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meant to you to have that period of time under daca where you had some deferred action, obviously, you came here as a child and you were undocumented for many years and now you're in that situation once again. what did that period of respite mean for you? >> it allow me to apply for certain job opportunities i did not have before. it was a confusing mix of feelings because i have been qualified for these jobs before as well but i just did not have the work permit to be able to do them. it did open up a set of opportunities. now that i no longer have it, like you said, it is like going back to where i was before. i had been living in this country for a long time and working even before i had to work permit and being able to survive and find ways to get around the obstacles of an undocumented person. in that sesense, i'm going toto continue to work to create opportunities for people whether or not to have work permits that i do think the right to work is
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a human right. amy: thank you for being with us, ireri unzueta carrasco, suing the department of homeland security for refusing to renew deferred action for deferred action for, childhood arrivals because of her , participation in civil disobedience calling for an end to deportations. and mony ruiz-velasco, ireri's attorney. we turn to global news about japan and the united states. juan: president obama has become the first sitting u.s. president to visit the japanese city of hiroshima since u.s. warplanes dropped the first atomic bomb on august 6, 1945. the bombing killed 140,000 people and another 100,000 seriously injured. three days later, the u.s. dropped a second atomic bomb on nagasaki, killing another 74,000 people. obama spoke totoday at the hiroroshima peace memorial park
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, but offered no apology for the bombings. cloudlessight, morning, death fell from the sky and the world was changed. a flash of light and a wall of fire destroyed a city. and demonstrated that mankind popossessesed the meansns to dey itself. why did we come to this place? two hiroshima? we come to ponder a terrible force unleashed in the not so distant past. dead,e to mourn the including over 100,000 japanese
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men, women, and children. , a dozends of koreans americans held prisoner. speak to us. , to ask us to l lk inward take stock of who we are. amy: speaking in hiroshima president obama went on to call , for a world without nuclear weapons. >> we may not be able to eliminate man's capacity to do evil, some natioions and the alliances we formed must possess the means to defend ourselves, but among those nations like my own that hold nuclear stotockpis , we must have the courage to escape the logic of fear and pursue a world without them.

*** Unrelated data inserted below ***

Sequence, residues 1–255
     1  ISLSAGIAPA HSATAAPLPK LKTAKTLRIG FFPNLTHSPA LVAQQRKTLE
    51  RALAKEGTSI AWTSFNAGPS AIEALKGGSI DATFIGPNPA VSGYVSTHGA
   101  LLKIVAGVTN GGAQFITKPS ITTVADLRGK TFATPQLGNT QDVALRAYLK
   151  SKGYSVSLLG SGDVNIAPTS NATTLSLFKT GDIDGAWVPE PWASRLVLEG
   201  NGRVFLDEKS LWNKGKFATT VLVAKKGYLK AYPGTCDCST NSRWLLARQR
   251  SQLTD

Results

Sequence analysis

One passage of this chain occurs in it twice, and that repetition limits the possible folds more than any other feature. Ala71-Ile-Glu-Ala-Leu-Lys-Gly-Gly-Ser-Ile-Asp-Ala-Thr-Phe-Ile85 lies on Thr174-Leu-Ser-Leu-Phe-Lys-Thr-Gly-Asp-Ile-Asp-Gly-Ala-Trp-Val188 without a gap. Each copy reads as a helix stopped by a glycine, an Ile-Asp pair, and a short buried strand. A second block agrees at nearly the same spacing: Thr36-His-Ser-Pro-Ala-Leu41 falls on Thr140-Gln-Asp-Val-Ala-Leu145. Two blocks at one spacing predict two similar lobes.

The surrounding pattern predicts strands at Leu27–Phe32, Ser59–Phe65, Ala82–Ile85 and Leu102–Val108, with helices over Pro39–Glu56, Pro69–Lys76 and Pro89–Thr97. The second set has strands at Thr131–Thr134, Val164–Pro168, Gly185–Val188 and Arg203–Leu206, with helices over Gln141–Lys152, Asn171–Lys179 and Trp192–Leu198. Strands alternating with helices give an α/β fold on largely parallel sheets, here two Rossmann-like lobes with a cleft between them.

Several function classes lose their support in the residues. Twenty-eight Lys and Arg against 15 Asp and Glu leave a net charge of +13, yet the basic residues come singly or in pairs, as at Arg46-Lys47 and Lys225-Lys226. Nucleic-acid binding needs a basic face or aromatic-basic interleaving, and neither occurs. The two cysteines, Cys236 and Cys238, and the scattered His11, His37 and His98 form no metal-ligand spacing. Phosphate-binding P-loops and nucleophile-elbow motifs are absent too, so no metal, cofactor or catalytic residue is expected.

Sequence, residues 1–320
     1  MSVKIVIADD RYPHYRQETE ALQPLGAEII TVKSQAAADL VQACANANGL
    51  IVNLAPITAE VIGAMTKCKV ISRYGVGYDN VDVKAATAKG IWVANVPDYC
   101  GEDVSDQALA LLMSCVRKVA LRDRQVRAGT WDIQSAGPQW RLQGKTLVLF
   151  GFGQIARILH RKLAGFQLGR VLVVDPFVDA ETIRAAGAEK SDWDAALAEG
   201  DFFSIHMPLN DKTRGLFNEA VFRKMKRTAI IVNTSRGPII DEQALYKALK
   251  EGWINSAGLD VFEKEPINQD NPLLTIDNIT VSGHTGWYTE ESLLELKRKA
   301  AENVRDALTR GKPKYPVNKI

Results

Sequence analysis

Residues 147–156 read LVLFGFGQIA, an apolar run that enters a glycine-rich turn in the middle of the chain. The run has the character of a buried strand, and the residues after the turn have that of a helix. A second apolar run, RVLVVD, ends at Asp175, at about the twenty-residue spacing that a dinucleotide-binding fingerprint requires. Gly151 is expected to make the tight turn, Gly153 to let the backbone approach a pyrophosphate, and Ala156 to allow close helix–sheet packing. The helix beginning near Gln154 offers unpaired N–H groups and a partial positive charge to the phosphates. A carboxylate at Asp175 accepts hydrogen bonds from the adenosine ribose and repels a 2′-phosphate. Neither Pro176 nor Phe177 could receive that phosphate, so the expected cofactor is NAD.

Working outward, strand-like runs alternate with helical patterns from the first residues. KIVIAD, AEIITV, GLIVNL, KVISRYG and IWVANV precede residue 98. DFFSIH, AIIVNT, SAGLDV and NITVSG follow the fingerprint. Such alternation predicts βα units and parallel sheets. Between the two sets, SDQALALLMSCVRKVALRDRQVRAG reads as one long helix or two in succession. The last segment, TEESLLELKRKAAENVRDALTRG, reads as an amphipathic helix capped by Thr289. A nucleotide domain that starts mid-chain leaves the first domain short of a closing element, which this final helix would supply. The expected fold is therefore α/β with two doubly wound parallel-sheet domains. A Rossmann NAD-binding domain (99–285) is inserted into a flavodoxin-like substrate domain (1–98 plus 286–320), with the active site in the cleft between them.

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realize this goal in my lifetime, but persistent effort can roll back the possibility of catastrophe. we can chart a course e that les to the destruction of these stockpiles. we can stop the spread to new nations, and secure deadly materials from fanatics. yet that is not enough. for we see around the world today, how even the crudest rifles and barrel bombs can serve up violence on a terrible scale. we mususchange our mindset about war itself. amy: despite president obama's call for an end to nuclear weapons, a new study by the federation of american scientisists has determinened tt the obama administration has reduced the nunuclear stockpilet a far slower ratate than any of
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his three immediate predecessors, including george w. bush and george h.w. bush. in addition the united states has been quietly upgrading its nuclear arsenal to create smalleler, more precise nuclear bombs as part of a massive effort that will c cost up to $1 trillion over three decades. to talk more about president obama's visit to hiroshima, we are joined by kai bird. he is a pulitzer prize-winning historian and journalist. he is co-author of the book, "american prometheus: the triumph and tragedy of j. robert oppenheimer." thank you for being with us from miami. start off by responding to this historic trip, president obama, the first sitting u.s. president to go to hiroshima. president carter did, but that was after he was president. >> i am glad to be here on your show. i'm actually quite excxcited tht
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obamama made this decision to go to hiriroshima. it is an extraordinary thing for an american president to go to this site.e. and while he offered no apology, his presence there, his mere presence in hiroshima is implicit acknowledgment that something terrible happened. yes,s, he is a very complicated and contradictory president. he is radical in some ways. he calalls for nuclear-free wor. on the other hand, as you pointed out, in his presidency of more than seven yearsrs now,e hass r reduced the numumber of . nuclear warheads by about 13%. many of us think, you know, we need far fewer than the 4500 warheads w whave t today. yes, he has engaged in a modernization program thahat is